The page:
With Stanley Cup, hockey finally comes in from the cold in Chicago
PHILADELPHIA -- The Stanley Cup-winning goal should be a transcendent moment, engraved in memory and history, a glorious conclusion to the pursuit of one of the most arduous trophies to win.
Alas, this overtime goal needed subtitles.
No red light. No emphatic signal for the referee. The money shot of the 2010 playoffs was proving to be as awkward as a pimply eighth-grader trying to ask a girl for a dance.
The stunned Flyers stayed on the bench as the referees asked for a video review of the most muddled Stanley Cup-winner since
The Blackhawks, happily expectant, waited for confirmation. Why not?
After 49 years, Chicago could hold on another minute.
Blackhawks 4, Flyers 3.
Shortly after 11 p.m. EDT, Chicago got off the schneid that had lasted a nearly half a century. This was the longest current streak of futility in the NHL (
Now, there are sudden reversals in the sports entertainment business all the time, but they generally involve a wrestler taking a length of lead pipe out of his tights and going to town. The 'Hawks ... well, this was strictly legit.
Led by captain
Sharp's first game in the distinctive Blackhawks jersey was against the Rangers, a nominally attractive Original Six match-up. Not that Chicagoland seemed to notice.
"I remember looking around and seeing 9,000 people," Sharp, the second-line center, recalled early in the final. "I had come from a first-place team in Philly, and now this. Years ago I would have never expected (our franchise) to turn around so quickly. (The Cup) means a lot to everybody, but especially to guys like (Keith and defense partner
Mark it down. June 9, 2010 is the day Hawkeytown officially came in from the cold.
In truth, a 'Hawks renaissance always had been low-hanging fruit. After years of irrelevance and incompetence, Chicago sifted through the rubble of past mistakes, rebuilt on the ice and off, and etched its name on a 35-pound trophy while engraving its brand into the hearts of formerly disaffected fans. As the party swirled around him on the Wachovia Center ice, owner
So what was the primordial moment when the franchise started on the long road back to relevance? You can argue it was actually in 2002 when the 'Hawks drafted Keith, a Norris Trophy-caliber defenseman, a prescient choice that predates the selections of captain Toews in 2006 and Kane in 2007, a pair of high-end picks. (Keith, who lost seven front teeth in the clinching win against the Sharks in the Western Conference Finals, said after the game that he doesn't worry about teeth, that he would have them all knocked out to win a Cup.) But for many embittered 'Hawks fans, the rebirth began with the death of Blackhawks chairman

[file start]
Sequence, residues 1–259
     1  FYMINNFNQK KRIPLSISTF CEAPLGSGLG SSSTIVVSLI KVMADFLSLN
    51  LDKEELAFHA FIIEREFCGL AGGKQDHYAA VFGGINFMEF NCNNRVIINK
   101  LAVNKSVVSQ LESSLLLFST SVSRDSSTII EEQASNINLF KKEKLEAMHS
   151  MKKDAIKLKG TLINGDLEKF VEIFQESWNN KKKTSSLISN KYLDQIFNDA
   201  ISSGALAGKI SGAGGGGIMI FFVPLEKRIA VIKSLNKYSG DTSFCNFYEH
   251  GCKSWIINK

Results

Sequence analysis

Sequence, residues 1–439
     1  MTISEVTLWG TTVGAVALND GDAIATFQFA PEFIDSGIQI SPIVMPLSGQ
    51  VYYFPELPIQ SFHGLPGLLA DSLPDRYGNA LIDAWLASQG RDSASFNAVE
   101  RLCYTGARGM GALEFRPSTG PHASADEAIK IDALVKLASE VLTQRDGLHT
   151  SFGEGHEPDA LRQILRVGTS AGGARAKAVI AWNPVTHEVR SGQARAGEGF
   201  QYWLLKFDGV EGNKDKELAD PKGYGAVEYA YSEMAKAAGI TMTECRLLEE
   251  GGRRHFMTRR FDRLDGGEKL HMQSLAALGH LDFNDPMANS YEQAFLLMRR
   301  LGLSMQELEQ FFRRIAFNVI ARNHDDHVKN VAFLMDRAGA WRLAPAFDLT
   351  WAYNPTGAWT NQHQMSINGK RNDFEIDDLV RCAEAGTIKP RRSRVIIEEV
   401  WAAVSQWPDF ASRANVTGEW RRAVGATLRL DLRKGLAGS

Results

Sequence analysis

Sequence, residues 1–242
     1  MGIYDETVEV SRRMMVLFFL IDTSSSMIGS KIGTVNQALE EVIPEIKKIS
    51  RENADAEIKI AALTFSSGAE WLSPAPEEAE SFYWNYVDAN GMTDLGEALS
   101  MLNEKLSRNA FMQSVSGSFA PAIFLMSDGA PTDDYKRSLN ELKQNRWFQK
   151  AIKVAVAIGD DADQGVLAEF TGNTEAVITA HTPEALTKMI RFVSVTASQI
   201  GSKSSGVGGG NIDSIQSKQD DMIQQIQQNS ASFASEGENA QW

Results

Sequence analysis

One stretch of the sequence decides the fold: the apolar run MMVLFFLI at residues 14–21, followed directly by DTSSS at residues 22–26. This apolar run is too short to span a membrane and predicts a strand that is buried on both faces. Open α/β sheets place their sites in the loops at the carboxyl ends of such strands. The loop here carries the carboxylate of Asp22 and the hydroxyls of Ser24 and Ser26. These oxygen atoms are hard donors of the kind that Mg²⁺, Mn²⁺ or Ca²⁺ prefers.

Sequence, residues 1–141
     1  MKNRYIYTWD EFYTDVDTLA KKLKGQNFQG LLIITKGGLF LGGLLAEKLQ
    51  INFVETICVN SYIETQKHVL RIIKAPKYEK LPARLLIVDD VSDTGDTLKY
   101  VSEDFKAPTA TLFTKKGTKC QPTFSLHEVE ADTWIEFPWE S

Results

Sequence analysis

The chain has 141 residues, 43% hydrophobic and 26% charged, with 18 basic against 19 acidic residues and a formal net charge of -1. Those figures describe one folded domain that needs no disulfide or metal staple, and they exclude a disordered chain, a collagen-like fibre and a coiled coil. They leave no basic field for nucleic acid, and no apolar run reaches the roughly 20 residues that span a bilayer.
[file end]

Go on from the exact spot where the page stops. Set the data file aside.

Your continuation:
Wirtz was an NHL colossus, one of its great power brokers and a man with a heart that was often in the right place even if his mind was back in the 1960s. You could land at O'Hare, mention the Blackhawks to a stranger and within 90 seconds, as guaranteed as death and taxes, you could hear a complaint about the 'Hawks' absence from local TV. Former general manager
But with the surprising ascension of Rocky to chairman -- most in the hockey world assumed that Wirtz's younger son
The 'Hawks skipped the 20th century and went directly to the 21st in November 2007 when they hired the man who was most responsible for turning Wrigley Field into a baseball theme park.
The season ticket base was 3,400 in 2007. Now there is a waiting list of as long as Toews' accomplishments -- Olympic gold medal, Stanley Cup, Conn Smythe.
How about Captain Spectacular?
"I think Rocky Wirtz lay awake at night thinking: 'I can't wait to get the reins of that hockey club because it's going to change when I get it'," Hull told SI earlier in the finals. "And he did everything right. He got rid of (longtime executive
The 'Hawks made an extended playoff run in 2009, reaching the conference finals and settling on a burrow-in-your-brain ditty called
For every home game in the final at the United Center, a shot of the Mount Rushmore of 'Hawks' hockey -- Hull, Mikita, Tony O and
The ending was most uncomfortable -- "I tried to sell the celebration," Kane admitted -- but it did provide closure if not the climax that a quirky, engaging, sloppy, riveting and goal-filled final deserved.
Now the 'Hawks can really paint their Cup-starved city red.